Updated: May 23
Chocolate comes from the tree Therobroma cacao, meaning food of the gods in Greek. Originating in Mexico, chocolate was first used.
Some of the health benefits of consuming dark chocolate:
Lower risk of heart failure. In a study reported in Circulation: Heart Failure, a journal of the American Heart Association, Swedish women who regularly ate a small amount of dark chocolate lowered their risk of heart failure by 32 percent.
Brain protection. Researchers at John Hopkins University discovered a compound called epicatechin in chocolate that increases cellular signals known to shield nerve cells from damage in the brain. This compound was found to protect the brain from damage after a stroke and provide preventive protection as well.
Lowers risk of cardiovascular disease. Scientists discovered Kuna Indians living on the islands off of the cost of Panama who regularly drink a bitter cocoa drink were protected from heart problems.
Raises HDL, or “good” cholesterol and lowers LDL, or “bad” cholesterol. Scientists found the polyphenols in chocolate were found to raise the body’s production of high-density lipoprotein (apolipoprotein A) cholesterol and decreasing apolipoprotein B, the main component of “bad” cholesterol in both the liver and the intestine providing further defense against cardiovascular disease.
Significantly reduces blood pressure. Researchers from the University of Adelaide, Australia found the Flavanols in chocolate reduced blood pressure by 5mm Hg systolic lowered the risk of a cardiovascular event by 20% over five years.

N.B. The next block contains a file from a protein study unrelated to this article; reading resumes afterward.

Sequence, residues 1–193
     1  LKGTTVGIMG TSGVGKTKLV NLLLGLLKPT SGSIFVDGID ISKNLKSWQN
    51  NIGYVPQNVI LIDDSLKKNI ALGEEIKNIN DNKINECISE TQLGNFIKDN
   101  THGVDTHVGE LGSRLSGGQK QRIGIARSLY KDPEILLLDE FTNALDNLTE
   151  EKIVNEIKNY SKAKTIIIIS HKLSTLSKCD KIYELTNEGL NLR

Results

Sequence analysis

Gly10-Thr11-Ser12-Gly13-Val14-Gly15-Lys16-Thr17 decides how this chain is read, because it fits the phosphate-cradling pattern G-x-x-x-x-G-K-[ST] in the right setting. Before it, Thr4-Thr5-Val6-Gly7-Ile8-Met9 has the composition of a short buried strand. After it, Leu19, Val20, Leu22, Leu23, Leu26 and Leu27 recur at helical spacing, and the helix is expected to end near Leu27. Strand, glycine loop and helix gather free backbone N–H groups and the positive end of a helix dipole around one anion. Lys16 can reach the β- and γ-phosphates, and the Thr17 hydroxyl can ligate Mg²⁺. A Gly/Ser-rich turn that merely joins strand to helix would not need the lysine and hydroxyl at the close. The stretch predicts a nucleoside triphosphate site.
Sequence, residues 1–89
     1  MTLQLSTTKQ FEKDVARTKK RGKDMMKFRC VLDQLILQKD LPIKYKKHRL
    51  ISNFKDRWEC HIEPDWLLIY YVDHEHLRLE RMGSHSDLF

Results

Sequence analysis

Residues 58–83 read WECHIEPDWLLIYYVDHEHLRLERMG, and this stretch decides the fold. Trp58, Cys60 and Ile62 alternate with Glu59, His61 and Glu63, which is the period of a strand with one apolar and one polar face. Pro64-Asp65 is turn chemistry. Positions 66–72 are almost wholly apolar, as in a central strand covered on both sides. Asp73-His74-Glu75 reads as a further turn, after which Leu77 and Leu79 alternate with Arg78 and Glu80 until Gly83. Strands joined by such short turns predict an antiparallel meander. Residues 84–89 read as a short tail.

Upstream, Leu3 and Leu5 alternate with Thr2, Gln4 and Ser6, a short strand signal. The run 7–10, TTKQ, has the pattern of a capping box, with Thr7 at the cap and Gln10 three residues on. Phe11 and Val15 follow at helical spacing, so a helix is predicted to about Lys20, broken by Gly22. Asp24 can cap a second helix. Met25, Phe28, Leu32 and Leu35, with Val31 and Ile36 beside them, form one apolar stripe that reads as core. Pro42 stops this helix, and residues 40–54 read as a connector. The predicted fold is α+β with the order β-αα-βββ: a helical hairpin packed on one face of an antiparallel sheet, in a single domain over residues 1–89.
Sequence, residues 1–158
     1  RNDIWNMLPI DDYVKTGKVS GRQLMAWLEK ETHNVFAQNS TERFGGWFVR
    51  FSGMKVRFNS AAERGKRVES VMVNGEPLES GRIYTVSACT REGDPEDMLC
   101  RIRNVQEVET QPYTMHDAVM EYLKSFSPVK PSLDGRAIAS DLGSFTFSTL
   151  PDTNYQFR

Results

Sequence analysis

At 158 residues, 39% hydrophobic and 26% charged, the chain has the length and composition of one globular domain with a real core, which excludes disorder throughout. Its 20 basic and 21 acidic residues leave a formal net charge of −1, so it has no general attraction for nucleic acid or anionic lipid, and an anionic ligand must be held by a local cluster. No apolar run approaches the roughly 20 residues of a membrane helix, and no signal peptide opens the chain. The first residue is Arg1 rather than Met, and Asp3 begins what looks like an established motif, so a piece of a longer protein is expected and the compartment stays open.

Cocoa is rich in antioxidants. In fact, cocoa contains twice the amount of the flavonoids found in red wine and five times the amount in green tea. The get the most benefits from chocolate without excessive sugar or fat, which cause weight gain and detract from chocolate’s benefits, look for chocolate that lists cocoa solids (unsweetened chocolate) first on the ingredients list. Do not let the label of “dark chocolate” persuade you that it must be good. This label is subjective and does not take into account the amount of added fat or sugar. In fact, chocolate may legally be labeled as “dark” in the United States with only 15% chocolate. In Switzerland, it must contain at least 30% chocolate to be labeled as dark.
One of my favorite brands that is inexpensive and easy to find at your local grocery is Ghirardelli 60% Cacao Bittersweet Chocolate Chips. These little delicates yield only 80 calories and 6 grams of fat per serving of 16 chips. Enjoy!